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20 June, 2024
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'The Dead Zone'

As the Buffer Zone becomes a focal point for potential crises, the government's actions, the Cyprus problem's trajectory, and societal security intertwine with issues of diplomacy and uncertainty

Yiannis Ioannou

Yiannis Ioannou

Last August, when we discussed the Pyla crisis, the incidents in the "border states," and the aftermath of the peacekeepers' beating in the buffer zone by Turks, the perception was that the government handled the situation proactively and was diplomatically prepared. A few months later, an agreement on Pyla was announced, but shortly afterward, we witnessed its non-implementation. The recent incident in Agios Dometios not only confirmed Turkey's familiar pattern of creating standoffs within the buffer zone but also highlighted the gap between public statements and effective actions on the ground.

The President's recent assertion that decisions have been made but not publicized summarizes how the buffer zone's situation will unfold during this current five-year period, particularly amid the Cyprus problem's deadlock and the failure to resume dialogue. The buffer zone isn't solely a reality linked to the Cyprus problem; it is primarily a potential hotspot for crisis events that could either initiate a series of developments leading us back to dialogue and a solution or solidify occupation and partition. This could happen dramatically in case of a hybrid threat along the Green Line, a small-scale crisis with military involvement, or the establishment of a hard border.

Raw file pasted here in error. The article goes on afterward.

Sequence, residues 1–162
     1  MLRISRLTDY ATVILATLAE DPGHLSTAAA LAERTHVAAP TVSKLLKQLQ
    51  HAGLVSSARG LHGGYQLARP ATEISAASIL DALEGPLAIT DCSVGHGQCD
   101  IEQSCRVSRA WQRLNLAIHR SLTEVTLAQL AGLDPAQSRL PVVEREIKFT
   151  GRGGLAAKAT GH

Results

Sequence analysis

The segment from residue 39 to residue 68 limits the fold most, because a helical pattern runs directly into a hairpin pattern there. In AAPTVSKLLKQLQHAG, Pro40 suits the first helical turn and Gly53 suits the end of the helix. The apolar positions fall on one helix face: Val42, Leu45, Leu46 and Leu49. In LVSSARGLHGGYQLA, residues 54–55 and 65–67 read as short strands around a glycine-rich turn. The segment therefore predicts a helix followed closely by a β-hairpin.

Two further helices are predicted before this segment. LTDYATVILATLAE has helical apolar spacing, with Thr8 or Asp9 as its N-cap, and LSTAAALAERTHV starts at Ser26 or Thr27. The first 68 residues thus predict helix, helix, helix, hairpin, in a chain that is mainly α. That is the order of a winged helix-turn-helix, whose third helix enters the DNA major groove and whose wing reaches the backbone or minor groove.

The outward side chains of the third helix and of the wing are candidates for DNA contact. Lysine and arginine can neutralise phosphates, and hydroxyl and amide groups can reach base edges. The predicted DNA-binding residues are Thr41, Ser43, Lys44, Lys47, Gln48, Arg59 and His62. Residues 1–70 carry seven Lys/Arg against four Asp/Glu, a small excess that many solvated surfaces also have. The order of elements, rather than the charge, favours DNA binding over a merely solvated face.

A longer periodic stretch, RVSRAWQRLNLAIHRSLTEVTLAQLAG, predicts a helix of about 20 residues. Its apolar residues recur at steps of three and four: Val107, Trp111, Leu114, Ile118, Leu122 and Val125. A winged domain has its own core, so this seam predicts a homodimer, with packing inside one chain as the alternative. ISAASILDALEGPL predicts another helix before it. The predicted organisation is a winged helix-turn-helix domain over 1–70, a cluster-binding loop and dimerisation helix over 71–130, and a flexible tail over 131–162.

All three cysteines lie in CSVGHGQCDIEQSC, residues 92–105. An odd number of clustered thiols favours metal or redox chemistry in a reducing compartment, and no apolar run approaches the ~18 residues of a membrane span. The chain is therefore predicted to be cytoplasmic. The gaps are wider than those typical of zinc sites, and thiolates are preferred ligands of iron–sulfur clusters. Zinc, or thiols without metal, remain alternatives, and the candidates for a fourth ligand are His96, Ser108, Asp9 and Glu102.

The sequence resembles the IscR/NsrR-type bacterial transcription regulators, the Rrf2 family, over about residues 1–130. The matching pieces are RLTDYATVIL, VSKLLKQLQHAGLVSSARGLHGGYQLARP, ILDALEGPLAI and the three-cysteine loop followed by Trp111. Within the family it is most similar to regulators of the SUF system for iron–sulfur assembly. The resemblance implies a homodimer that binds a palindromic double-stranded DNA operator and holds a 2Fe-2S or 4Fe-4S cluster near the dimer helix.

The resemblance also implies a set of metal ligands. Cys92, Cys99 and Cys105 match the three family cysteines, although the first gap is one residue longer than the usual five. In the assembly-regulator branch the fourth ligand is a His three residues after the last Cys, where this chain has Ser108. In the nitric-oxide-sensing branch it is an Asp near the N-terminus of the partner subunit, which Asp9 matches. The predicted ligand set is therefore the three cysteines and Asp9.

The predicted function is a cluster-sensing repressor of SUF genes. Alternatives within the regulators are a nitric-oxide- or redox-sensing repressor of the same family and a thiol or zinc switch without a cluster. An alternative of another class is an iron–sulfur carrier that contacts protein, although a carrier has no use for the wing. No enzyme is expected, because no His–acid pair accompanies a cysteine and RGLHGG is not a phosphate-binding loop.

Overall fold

Incidents like those in Pyla, Agios Dometios, or Strovilion in the past should serve as constant reminders. For the government and the political system in Cyprus, any action entrenching the occupation or setting the stage for a crisis involves the peculiar geography of our divided homeland—the buffer zone that bisects the island, a reality since the 1960s. For citizens, any significant crisis within the buffer zone impacts their sense of security and the overall future of their physical and political survival. Living near the buffer zone, with Turkish occupation forces' soldiers shouting slogans, doesn't instill a sense of security in the residents. This underscores the security dilemma for our community: Heightening this feeling of insecurity in the absence of progress in the Cyprus problem is a recipe for ongoing crises (with escalation and de-escalation) and a catalyst for political and social transformations we will likely face in the near future.

The buffer zone is the field where we will all be tested in the coming years. The government will be judged on the gap between communication and delivery, the Cyprus problem as an unresolved issue facing either a definitive deadlock or a potential return with a slim chance of resolution, and Cypriot society likely to encounter security challenges affecting daily life, especially in areas close to the Green Line. The buffer zone is a realm of awareness. Let's fully comprehend its significance.

Twitter @JohnPikpas

[This op-ed was translated from its Greek original]

Cyprus  |  problem  |  Turkey

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